Real Estate Photography Question and Answers – #7

QandAJerome’s Question: I did my first real estate photography earlier this year and the realtor sold it pretty quick. I would like to do more but I’m not sure where to get a client base for that. I still have my day job that pays me well. But I would like to find a part-time gig that pays decent on the weekends, maybe even a couple of days during the week. Who can I work for?

Answer: Real estate photography works best if you create your own business and work independently. The companies that hire RE photographers keep most of the profit! There isn’t enough profit in RE photography for the photographer and another company. You can market yourself and build up your own clientele. The best way to do that is to research who the top 5 or 10% of Realtors are in your area based on number of listings and sale price and then market those Realtors directly. Find the top 10% in your area just by doing online research. All your local brokers sites have a list of the agents and their listings so just make a list.

Tom’s Question:  I am really struggling with over exposed windows with my shots? I used to do lots of HDR but have wanted to get away from it due to the over use of it and over baking that can occur, I have light stands I can bring with me but that is a lot of equipment to lug around in shots but willing to do it for better looking windows.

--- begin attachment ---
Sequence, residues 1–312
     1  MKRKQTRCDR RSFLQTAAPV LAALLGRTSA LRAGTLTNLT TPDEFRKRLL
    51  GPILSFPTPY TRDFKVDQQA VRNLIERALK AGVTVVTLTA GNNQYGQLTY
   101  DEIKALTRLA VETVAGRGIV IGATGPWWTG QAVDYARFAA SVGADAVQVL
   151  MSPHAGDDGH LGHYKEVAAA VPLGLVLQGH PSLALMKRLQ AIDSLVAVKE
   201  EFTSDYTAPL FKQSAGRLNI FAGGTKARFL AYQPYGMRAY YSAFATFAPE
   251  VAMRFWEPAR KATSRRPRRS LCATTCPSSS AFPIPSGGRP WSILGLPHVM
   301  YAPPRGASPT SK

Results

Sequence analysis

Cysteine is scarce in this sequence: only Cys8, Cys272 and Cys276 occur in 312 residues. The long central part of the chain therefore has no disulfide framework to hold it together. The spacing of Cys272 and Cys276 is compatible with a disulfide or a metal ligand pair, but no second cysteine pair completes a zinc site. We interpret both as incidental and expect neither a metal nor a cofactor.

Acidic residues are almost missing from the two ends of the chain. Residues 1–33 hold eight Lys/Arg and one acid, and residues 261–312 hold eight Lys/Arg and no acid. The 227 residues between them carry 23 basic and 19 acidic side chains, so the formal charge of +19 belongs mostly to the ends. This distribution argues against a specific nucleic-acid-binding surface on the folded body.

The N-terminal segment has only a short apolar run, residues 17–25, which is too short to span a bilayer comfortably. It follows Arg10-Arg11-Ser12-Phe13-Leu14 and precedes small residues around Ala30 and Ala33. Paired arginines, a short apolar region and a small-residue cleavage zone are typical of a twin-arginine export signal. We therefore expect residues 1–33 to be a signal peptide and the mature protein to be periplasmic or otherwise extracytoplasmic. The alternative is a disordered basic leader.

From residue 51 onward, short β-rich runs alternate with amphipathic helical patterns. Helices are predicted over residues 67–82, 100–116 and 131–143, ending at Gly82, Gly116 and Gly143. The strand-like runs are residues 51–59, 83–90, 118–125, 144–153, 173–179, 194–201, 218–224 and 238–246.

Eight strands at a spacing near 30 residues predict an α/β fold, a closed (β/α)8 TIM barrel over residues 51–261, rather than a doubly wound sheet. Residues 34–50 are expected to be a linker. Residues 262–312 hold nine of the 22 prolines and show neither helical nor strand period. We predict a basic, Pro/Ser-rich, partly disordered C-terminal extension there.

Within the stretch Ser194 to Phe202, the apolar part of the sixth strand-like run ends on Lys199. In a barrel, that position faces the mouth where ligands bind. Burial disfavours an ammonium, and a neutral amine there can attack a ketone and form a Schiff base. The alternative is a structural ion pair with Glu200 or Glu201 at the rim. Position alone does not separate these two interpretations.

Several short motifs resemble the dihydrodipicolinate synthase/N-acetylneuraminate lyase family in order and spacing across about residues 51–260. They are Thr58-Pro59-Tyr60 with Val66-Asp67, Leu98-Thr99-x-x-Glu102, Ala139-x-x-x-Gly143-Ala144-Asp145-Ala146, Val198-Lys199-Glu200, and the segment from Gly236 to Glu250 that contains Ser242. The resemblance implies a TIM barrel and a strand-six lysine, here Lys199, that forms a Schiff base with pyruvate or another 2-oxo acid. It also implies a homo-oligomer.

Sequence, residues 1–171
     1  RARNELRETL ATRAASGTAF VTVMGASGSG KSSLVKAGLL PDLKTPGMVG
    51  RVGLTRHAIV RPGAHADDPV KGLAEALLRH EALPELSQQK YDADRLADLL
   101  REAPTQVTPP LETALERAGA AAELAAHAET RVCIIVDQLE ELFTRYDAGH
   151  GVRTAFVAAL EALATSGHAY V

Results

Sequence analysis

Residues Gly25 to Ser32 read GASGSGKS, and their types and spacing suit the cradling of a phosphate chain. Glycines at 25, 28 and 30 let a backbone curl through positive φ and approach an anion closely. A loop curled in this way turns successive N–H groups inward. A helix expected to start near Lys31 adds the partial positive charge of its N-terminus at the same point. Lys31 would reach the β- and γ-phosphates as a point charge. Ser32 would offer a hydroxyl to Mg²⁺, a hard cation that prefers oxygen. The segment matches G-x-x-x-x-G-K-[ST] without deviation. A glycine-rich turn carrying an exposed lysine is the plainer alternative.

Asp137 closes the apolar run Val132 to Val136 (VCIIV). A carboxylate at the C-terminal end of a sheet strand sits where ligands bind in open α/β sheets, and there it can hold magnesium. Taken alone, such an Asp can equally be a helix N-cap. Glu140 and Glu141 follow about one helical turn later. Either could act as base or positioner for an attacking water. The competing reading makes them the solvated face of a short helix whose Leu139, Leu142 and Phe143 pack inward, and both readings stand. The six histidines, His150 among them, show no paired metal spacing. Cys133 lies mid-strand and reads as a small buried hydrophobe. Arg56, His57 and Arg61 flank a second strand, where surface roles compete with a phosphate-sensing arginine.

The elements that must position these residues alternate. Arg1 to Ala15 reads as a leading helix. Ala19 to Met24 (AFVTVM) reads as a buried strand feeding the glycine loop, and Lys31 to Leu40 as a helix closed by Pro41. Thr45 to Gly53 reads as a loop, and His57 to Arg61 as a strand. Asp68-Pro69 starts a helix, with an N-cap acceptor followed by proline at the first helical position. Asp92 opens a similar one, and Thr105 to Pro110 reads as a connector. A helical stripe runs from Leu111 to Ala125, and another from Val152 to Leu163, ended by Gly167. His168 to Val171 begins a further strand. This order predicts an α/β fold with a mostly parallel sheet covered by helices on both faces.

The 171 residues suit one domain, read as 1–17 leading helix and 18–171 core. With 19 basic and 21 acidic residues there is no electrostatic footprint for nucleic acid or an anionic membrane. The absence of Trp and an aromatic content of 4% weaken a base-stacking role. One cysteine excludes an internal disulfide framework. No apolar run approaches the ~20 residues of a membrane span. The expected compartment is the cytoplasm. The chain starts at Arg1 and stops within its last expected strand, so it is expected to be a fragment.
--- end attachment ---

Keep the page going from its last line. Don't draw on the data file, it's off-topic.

Answer: Scott Hargis’s classic explanation is here. Here’s a way to start to get the feel of how to use a flash. Try this out in your front room for a while to get the hang of it:

Matt’s Question:  I must be overlooking it, but I can’t seem to find which software you use for creating printouts for listings. I’ve been using Photoshop, which works, but its a bit cumbersome with resizing photos, rearranging layouts etc. Do you have a solution/workflow that basically gives you a template that you can fire off these printouts without too much fiddling around? 

Answer: Not many real estate photographers create flyers for agents because most real estate offices have internal resources (secretaries answering phones that need something to do to fill in between phone calls) and templates to create flyers. Plus the process of creating an effective flyer involves writing some marketing copy and a review cycle or two with the Realtor and most photographers are not into that. MLSs  and tour companies automatically generate crude flyers that some agents use.

Sherry’s question: Have you done any articles on selecting a drone for aerial photos (not  video, if that’s possible)?  My clients are asking for it so I’m researching them.  I’m actually having a hard time finding the product!

Answer: I did this post early in March. The newest version of the DJI Phantom is the 2+. I think that is the best at this point for real estate photography. Both of these will do either stills or video. The 2+ plus has everything included and with the older version you have to buy a GoPro camera separately.

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